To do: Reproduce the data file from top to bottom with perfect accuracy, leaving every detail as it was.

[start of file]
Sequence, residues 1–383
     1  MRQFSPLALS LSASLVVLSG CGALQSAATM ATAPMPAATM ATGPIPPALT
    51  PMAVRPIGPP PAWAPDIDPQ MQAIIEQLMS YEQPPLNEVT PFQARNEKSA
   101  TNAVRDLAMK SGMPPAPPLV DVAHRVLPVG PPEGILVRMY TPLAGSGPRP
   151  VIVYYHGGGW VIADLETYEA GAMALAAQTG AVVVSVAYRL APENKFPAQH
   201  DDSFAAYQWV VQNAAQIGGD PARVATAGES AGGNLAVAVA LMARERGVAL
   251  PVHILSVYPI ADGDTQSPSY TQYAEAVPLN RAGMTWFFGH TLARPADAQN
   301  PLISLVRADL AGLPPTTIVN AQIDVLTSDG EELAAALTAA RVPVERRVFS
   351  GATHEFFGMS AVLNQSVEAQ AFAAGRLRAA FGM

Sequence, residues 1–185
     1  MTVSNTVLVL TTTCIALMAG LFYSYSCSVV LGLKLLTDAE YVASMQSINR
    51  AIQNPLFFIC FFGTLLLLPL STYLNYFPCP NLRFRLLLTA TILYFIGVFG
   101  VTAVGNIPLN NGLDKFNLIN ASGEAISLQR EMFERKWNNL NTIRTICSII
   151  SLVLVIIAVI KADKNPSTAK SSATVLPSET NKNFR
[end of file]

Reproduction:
Sequence, residues 1–383
     1  MRQFSPLALS LSASLVVLSG CGALQSAATM ATAPMPAATM ATGPIPPALT
    51  PMAVRPIGPP PAWAPDIDPQ MQAIIEQLMS YEQPPLNEVT PFQARNEKSA
   101  TNAVRDLAMK SGMPPAPPLV DVAHRVLPVG PPEGILVRMY TPLAGSGPRP
   151  VIVYYHGGGW VIADLETYEA GAMALAAQTG AVVVSVAYRL APENKFPAQH
   201  DDSFAAYQWV VQNAAQIGGD PARVATAGES AGGNLAVAVA LMARERGVAL
   251  PVHILSVYPI ADGDTQSPSY TQYAEAVPLN RAGMTWFFGH TLARPADAQN
   301  PLISLVRADL AGLPPTTIVN AQIDVLTSDG EELAAALTAA RVPVERRVFS
   351  GATHEFFGMS AVLNQSVEAQ AFAAGRLRAA FGM

Sequence, residues 1–185
     1  MTVSNTVLVL TTTCIALMAG LFYSYSCSVV LGLKLLTDAE YVASMQSINR
    51  AIQNPLFFIC FFGTLLLLPL STYLNYFPCP NLRFRLLLTA TILYFIGVFG
   101  VTAVGNIPLN NGLDKFNLIN ASGEAISLQR EMFERKWNNL NTIRTICSII
   151  SLVLVIIAVI KADKNPSTAK SSATVLPSET NKNFR